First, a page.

My daughter tells me she likes the 1989 movie version of Steel Magnolias because you can have it running in the background while you do other things, and still more or less follow the plot. The 1987 play the movie is based on has the same virtue. You don’t really have to use all your […]

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Lead in the water

I hardly ever start reviews this way, but trust me: stop reading this and hop online to get tickets for Erika Dickerson-Despenza’s cullud wattah, now in its local premiere at Victory Gardens under Lili-Anne Brown’s direction. It’s a profound, poetic, scabrous (and beautifully acted) piece of theater that hits at so many levels that I […]

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The political is personal

Like the rest of the world, Second City has been through its share of upheavals in the past two years. Longtime owner, CEO, and executive producer Andrew Alexander stepped down in June 2020 in the wake of increasing public allegations about institutional racism at the comedy powerhouse. Anthony LeBlanc stepped in as interim executive director, […]

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Hell on wheels

Nealshow Productions premieres Pat Radke’s and Dave Satterwhite’s malaprop-fueled road-trip comedy. Candyce (Lee Satterwhite), in WWI helmet and goggles, is at the wheel of a middle-school-art-project stand-in for an automobile. While nominally a rideshare driver, he doesn’t seem to be especially savvy about geography, money making, or anything worldly. Candyce is going through some sort […]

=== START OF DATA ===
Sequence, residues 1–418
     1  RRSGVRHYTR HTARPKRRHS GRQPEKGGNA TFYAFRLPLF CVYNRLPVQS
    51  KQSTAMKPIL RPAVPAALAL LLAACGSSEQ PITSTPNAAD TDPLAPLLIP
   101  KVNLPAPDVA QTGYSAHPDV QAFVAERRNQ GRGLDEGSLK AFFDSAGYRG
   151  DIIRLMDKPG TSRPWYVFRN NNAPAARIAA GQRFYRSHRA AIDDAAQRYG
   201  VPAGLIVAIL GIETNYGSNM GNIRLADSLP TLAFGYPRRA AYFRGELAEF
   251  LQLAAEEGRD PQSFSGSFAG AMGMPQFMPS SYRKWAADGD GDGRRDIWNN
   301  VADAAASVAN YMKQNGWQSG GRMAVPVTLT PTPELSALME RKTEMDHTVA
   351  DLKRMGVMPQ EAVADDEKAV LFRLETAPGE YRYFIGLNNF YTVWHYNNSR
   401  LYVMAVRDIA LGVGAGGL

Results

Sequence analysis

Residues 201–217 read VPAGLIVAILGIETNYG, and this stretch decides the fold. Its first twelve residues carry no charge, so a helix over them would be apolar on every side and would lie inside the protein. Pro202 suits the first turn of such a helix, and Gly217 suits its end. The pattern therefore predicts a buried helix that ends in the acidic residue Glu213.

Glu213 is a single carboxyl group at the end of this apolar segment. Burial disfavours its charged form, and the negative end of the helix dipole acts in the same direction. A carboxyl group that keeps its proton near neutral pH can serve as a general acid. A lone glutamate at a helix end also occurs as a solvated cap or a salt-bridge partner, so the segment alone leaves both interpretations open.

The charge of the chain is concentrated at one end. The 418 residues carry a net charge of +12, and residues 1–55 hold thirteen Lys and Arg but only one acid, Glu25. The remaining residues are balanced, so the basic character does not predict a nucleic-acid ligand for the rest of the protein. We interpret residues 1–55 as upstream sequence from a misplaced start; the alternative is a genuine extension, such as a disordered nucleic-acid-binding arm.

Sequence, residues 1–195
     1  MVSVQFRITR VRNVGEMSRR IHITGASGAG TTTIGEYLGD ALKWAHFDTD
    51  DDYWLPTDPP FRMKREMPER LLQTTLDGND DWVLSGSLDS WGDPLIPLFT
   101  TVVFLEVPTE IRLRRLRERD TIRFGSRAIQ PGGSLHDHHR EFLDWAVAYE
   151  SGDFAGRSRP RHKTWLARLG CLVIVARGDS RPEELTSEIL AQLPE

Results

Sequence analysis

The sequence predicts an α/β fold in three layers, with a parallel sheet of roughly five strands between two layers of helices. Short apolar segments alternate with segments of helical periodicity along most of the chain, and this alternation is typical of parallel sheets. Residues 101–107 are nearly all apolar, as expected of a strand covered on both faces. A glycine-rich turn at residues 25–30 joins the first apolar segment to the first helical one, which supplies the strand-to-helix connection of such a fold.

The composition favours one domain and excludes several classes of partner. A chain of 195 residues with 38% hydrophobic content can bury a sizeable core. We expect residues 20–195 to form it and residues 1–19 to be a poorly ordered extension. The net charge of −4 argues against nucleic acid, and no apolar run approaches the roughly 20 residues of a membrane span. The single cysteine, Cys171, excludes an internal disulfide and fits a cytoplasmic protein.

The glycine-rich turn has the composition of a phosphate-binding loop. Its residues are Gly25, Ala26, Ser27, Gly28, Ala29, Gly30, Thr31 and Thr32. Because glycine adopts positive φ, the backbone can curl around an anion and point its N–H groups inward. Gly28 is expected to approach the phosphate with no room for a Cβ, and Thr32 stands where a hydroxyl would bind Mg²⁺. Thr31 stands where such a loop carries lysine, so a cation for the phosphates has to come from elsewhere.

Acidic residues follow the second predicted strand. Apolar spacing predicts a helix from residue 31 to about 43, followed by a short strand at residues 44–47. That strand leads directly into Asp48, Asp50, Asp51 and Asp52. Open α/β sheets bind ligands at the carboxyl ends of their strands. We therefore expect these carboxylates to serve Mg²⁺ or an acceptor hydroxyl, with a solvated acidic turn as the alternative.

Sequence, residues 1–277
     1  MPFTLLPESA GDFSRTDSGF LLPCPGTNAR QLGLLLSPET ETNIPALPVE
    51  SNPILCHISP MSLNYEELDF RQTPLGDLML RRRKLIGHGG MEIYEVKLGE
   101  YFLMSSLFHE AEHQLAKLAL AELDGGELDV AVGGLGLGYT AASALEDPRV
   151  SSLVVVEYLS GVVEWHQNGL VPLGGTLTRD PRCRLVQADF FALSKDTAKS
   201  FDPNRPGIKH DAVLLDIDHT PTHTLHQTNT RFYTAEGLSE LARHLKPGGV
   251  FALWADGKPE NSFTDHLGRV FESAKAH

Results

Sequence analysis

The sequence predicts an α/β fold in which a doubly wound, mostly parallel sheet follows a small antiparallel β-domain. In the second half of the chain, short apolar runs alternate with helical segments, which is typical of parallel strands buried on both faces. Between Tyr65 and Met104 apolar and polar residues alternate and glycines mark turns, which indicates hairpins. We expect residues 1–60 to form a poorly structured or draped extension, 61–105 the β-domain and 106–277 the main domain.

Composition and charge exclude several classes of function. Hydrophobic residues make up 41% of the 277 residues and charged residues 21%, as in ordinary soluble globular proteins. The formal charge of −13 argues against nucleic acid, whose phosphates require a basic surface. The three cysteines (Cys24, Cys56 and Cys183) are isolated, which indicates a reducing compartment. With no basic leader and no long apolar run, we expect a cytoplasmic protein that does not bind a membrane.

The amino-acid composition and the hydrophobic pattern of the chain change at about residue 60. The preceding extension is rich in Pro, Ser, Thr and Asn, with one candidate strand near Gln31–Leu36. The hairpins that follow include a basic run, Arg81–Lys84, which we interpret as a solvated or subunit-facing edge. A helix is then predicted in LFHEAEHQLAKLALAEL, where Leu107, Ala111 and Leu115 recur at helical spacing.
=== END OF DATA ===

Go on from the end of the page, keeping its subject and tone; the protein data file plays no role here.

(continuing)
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Just skating by

The year is 1994, and rock star Jacqueline Miller (Diana DeGarmo) is zigzagging the country on a tour. Her dishonest manager has absconded with her earnings, her deadbeat saxophonist boyfriend (Ace Young) is either cheating or has forgotten her birthday, and she’s going on Oprah tomorrow but just lost the cover of Rolling Stone to […]

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Sea legs

Hans Christian Andersen’s fairy tale, “The Little Mermaid,” is a load of hooey. Consider: The titular mermaid throws herself on a dagger in the end, because she can’t bear to go on after some dude she first encountered days earlier marries someone else. Also, she gives up her voice in exchange for legs so she […]

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Home is where the heart is

Samm-Art Williams’s Home, first produced in 1979 with the seminal Negro Ensemble Company and then in a Tony-nominated run on Broadway in 1980, is considered a contemporary American classic, but it doesn’t get revived as much as it probably should. This feels especially self-evident when viewing Tim Rhoze’s stellar production for Fleetwood-Jourdain Theatre. Staged simply […]

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Puppet revelations

Puppets are cool, but they are also creepy. Very creepy. Even the cute ones, like Kermit the Frog or Ollie the Dragon. There is just something deeply unnerving about how puppets seem like autonomous beings, even when their puppeteers are right there on stage with them. I think there is something deep and primal in […]